Doctor rebuts chiropractic skepticism

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I am writing in response to a piece published in your magazine on Sept. 26, 2013 by Guthrie Prentice, entitled “Alternative medicine on campus: Do the benefits outweigh the risks?”

It is always tremendously unfortunate when someone publishes an article without taking the time to see the deeper truth beyond personal beliefs and/or a cursory Internet search. The concerns regarding chiropractic care and its safety presented by Mr. Prentice in his article are too far-reaching and complex upon which to publish an opinion piece without significant time and research. I reviewed the source list used by Mr. Prentice for his article, and I find it interesting that he used only one paper for the chiropractic portion of this opinion article. It is certainly not particularly responsible to use only one source when making such broad statements, since some might assume that he is an expert if he is in fact writing about this subject.

I am a chiropractor. I been in practice since 1998. Two of the most well-known chiropractic academics in the world took the time to send along pages of scientific literature on the topic of chiropractic and its safety record so that I could draft a response to this article and refute Mr. Prentice’s uninformed statements. I have taken a great deal of time wading through the material, but have come to the conclusion that it is not likely to sway Mr. Prentice.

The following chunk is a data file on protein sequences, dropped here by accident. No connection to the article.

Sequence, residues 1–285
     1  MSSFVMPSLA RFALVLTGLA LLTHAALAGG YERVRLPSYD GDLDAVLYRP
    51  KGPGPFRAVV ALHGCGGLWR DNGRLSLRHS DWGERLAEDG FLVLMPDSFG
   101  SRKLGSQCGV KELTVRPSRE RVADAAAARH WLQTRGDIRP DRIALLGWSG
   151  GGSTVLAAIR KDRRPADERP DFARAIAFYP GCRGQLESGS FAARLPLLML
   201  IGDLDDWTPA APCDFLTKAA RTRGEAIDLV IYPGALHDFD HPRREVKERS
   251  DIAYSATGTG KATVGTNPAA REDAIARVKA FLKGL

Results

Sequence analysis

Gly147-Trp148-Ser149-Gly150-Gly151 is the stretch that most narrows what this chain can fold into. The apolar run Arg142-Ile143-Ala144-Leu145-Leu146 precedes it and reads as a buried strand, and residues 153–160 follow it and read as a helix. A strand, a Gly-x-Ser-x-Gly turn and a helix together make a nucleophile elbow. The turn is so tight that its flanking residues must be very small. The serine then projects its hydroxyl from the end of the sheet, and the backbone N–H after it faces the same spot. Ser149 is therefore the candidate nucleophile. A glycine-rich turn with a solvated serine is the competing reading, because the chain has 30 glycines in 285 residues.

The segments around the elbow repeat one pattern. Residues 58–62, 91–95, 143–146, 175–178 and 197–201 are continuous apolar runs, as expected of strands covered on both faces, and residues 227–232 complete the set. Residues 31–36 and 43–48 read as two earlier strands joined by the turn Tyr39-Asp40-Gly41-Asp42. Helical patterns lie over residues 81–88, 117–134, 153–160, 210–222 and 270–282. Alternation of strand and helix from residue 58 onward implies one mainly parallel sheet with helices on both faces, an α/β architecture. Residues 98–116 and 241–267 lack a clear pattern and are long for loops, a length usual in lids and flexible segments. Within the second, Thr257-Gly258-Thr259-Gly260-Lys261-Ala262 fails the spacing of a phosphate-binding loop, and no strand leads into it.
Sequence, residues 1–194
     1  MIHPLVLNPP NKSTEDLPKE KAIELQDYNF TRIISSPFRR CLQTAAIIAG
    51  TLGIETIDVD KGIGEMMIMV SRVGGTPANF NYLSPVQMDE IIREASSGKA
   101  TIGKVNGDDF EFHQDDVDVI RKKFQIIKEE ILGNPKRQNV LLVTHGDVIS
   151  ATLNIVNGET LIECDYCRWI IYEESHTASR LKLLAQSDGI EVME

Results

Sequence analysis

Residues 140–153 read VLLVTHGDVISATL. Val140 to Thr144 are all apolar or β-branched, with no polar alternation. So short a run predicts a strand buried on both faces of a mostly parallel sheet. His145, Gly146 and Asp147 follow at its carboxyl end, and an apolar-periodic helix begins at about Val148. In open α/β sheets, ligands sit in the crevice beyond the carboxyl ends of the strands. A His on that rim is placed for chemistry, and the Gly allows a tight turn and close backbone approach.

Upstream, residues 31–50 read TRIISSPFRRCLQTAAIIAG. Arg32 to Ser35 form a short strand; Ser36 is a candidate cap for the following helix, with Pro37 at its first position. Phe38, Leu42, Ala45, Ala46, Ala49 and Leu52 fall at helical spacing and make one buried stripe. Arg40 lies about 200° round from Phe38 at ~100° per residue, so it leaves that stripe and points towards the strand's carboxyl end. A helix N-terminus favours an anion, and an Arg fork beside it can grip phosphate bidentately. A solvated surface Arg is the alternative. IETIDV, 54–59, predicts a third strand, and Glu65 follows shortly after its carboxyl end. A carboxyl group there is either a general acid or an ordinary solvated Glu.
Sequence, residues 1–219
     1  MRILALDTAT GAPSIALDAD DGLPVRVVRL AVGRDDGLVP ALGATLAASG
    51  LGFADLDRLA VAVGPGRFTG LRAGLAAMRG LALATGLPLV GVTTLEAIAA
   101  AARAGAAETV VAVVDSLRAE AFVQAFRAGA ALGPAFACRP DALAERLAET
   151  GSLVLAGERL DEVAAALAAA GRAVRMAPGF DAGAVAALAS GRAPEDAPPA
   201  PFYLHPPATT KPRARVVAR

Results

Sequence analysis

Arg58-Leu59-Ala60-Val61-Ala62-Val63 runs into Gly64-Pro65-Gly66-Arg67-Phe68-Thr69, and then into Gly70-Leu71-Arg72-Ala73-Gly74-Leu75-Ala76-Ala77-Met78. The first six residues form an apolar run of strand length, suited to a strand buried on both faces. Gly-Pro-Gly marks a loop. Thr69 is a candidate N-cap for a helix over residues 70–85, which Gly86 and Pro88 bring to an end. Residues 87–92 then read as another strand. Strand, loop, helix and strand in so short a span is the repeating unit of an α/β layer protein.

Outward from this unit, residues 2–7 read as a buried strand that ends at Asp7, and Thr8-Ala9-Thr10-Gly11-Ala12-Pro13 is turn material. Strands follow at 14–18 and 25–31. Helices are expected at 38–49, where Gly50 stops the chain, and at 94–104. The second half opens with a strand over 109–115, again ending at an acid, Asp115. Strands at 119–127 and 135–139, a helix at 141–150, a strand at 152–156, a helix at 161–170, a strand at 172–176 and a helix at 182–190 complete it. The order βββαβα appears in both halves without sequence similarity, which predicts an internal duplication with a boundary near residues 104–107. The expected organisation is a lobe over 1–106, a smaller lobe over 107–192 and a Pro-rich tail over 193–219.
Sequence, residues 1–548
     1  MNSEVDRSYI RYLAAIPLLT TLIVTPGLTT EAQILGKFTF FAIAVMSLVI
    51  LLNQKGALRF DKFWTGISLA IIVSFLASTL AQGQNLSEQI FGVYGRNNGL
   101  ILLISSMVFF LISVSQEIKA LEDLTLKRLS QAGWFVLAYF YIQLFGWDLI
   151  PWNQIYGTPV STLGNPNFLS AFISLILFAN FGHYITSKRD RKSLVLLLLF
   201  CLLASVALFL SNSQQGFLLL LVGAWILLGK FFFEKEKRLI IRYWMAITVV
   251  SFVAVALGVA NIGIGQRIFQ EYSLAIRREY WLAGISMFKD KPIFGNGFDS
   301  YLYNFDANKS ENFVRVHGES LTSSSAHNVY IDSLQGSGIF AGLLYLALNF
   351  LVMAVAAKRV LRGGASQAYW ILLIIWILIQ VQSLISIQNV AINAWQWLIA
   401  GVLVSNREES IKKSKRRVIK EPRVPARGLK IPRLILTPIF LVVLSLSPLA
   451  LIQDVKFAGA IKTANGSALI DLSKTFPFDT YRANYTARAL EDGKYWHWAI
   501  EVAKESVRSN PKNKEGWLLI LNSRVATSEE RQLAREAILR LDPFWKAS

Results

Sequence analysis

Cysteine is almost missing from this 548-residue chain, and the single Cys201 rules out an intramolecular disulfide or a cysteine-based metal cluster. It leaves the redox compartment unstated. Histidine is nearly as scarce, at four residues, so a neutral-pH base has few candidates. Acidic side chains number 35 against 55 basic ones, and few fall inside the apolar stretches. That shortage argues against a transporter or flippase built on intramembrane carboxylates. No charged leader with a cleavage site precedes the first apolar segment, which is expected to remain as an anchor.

Instead, I give you my record of safety in nearly 16 years of practice and 21 years as a patient. I give you the safety records of my colleagues. The chiropractic profession has an incredible history of healing and changing lives since 1895. Chiropractors receive a minimum of three years of undergraduate university training in what is essentially a pre-med program before commencing their chiropractic education. They receive a further four years of training and education to receive their Doctor of Chiropractic designation. They are required to pass national and provincial board certification exams. They are required to complete 40 continuing education hours every two years to stay current in their clinical skills and knowledge. And some, including myself, complete many more hours than this.

Chiropractic care is safe. Chiropractic care is effective. Ask our patients; they’ll tell you.

Dr. Misty Watson
Chiropractor, Saanichton, B.C.

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